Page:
By: Joshua Sealy-Harrington
PDF Version: A Pricked Condom: Fraudulently Obtained Consent or No Consent in the First Place?
Case commented on: R v Hutchinson, 2014 SCC 19
This post discusses a recent decision from the Supreme Court of Canada addressing consent in the context of sexual assault. The Court was unanimous on its final destination: dismissing the appellant’s appeal of his conviction for sexual assault. However, the Court narrowly split, 4-3, on the path taken to get there. More specifically, the Court split on whether deliberately and secretly sabotaging a condom renders sexual activity with that condom non-consensual because the victim’s consent was obtained fraudulently or because she never consented in the first place. This post reviews these two alternate approaches, notes their subtle overlap, and concludes that the state of consent in Canadian law is left unclear following this decision.
On April 4, 2014, Can LII launched a new project called Can LII Connects. This site will provide summaries of and commentary on Canadian cases reported on Can LII. Case comments will be accessible via Can LII Connects and via the Can LII website, and Can LII Connects also has a blog. ABlawg was very pleased to be asked to participate in this project as one of a few law blogs to post historical content in time for the launch. To access ABlawg’s content on Can LII Connects, readers can use the Search function or choose to filter by Publisher. Readers can concur with comments on Can LII Connects, or add their own commentary. All new case comments on ABlawg will be cross-posted to Can LII Connects from here on in. We encourage our readers to check out this excellent new resource.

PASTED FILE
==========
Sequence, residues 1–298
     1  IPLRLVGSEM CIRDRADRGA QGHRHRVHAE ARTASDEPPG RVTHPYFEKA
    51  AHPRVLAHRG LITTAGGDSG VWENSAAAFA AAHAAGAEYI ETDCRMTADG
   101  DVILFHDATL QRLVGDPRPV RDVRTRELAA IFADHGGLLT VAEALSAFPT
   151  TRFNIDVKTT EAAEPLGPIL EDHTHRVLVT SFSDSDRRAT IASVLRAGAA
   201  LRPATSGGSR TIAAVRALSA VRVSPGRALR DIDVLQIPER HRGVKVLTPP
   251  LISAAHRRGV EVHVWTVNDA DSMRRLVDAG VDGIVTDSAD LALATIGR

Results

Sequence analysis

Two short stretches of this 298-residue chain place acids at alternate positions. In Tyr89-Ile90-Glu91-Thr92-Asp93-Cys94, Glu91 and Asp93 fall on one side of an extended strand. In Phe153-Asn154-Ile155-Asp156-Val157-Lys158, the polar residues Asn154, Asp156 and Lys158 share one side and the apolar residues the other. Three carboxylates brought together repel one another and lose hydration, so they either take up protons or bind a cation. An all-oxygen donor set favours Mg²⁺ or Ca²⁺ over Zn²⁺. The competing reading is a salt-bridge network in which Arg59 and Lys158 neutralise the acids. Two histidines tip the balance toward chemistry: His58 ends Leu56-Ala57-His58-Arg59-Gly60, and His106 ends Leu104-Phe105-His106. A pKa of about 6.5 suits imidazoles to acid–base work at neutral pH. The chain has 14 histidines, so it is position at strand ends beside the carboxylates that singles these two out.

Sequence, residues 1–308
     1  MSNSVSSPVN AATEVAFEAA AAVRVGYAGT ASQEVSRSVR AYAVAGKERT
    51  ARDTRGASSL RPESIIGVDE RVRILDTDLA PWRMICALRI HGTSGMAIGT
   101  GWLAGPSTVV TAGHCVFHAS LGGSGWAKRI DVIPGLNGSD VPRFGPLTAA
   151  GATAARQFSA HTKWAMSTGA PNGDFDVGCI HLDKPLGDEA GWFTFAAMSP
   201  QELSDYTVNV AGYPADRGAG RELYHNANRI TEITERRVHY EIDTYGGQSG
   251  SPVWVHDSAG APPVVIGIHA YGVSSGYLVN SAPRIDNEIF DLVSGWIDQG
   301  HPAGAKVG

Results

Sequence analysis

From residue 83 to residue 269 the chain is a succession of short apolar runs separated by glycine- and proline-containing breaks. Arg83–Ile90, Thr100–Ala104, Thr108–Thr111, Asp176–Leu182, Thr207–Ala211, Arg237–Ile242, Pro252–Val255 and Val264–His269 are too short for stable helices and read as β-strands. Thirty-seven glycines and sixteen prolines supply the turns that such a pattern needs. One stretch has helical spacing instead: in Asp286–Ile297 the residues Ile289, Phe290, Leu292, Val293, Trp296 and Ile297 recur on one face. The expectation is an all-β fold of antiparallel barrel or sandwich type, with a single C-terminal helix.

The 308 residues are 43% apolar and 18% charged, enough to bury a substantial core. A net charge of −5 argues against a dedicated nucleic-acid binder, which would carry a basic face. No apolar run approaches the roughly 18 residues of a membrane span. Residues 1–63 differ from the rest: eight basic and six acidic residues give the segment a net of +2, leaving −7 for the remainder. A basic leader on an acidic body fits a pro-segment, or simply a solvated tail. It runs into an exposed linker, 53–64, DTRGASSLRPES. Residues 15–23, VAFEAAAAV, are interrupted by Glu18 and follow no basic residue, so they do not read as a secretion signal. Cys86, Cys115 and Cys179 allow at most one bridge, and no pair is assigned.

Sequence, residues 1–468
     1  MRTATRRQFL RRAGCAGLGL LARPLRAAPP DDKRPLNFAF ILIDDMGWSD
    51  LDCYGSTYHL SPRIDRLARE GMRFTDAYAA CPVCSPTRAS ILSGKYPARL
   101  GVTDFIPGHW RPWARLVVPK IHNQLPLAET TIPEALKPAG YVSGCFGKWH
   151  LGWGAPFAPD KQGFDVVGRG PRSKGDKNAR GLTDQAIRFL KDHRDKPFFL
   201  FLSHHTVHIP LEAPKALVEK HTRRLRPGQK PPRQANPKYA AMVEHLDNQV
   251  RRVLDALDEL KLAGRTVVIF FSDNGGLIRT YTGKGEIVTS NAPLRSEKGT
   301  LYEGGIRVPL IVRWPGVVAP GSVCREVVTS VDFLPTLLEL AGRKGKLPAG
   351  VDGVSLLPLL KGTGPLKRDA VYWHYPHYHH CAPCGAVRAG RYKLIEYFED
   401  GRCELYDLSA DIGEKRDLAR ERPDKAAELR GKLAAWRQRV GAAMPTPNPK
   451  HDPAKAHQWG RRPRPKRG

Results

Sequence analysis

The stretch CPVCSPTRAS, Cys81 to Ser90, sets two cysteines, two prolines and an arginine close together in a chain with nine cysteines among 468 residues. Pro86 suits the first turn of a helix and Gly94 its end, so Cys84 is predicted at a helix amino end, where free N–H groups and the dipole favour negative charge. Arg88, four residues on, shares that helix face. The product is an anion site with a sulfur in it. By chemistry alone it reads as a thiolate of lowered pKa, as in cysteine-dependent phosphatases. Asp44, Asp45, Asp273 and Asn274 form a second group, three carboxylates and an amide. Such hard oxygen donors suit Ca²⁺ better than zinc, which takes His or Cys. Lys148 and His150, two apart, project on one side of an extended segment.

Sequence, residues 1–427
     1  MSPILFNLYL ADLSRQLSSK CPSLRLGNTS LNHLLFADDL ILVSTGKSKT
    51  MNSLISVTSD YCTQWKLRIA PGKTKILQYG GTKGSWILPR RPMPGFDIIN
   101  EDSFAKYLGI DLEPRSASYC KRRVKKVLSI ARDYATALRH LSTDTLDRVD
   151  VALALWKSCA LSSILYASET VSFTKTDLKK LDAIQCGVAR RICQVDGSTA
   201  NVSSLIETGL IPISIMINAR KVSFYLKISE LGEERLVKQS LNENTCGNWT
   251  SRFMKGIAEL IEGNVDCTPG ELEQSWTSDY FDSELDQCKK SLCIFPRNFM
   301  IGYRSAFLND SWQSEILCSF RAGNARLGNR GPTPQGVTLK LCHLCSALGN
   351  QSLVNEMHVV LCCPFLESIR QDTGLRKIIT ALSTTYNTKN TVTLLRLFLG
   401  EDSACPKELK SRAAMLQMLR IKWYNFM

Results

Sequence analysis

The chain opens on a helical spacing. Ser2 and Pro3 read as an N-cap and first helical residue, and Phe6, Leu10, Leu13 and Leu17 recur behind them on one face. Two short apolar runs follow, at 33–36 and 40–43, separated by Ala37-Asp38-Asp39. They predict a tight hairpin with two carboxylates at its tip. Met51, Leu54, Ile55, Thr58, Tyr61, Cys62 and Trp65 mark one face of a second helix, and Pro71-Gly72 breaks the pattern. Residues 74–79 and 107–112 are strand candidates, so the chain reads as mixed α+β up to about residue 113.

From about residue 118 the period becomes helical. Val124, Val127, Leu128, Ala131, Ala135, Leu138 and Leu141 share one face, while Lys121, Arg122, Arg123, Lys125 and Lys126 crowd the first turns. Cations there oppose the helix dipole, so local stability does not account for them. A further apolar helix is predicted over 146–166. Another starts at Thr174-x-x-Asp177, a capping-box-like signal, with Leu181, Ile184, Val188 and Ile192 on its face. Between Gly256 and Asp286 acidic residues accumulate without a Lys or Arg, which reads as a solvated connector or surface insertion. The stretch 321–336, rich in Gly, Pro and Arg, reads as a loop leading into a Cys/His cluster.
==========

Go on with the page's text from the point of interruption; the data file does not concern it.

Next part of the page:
By: Nigel Bankes
PDF Version: Decision of the High Court of Australia of Interest to Canada’s Energy Bar
Decision commented on: Electricity Generation Corporation v Woodside Energy Ltd,  HCA 7
In this majority decision the High Court of Australia (HCA) concluded that the obligations of a seller under a gas purchase agreement (GSA) to use “reasonable endeavours” to provide the purchaser with a supplemental maximum daily quantity of gas (SMDQ) in addition to an agreed maximum daily quantity of gas (MDQ) did not require the seller to provide any gas at the SMDQ price when market opportunities emerged which afforded the seller the opportunity to sell all its available production beyond MDQ at a much higher price. While any case such as this turns on the particular language of the GSA in question, including the surrounding circumstances known to the parties and the commercial purpose or objects to be secured by the agreement, the case serves as a reminder that terms such as “best efforts” or “reasonable endeavours”, at least when viewed in the self-seeking paradigm of contract, may not offer much comfort to the counterparty in this sort of commercial arrangement.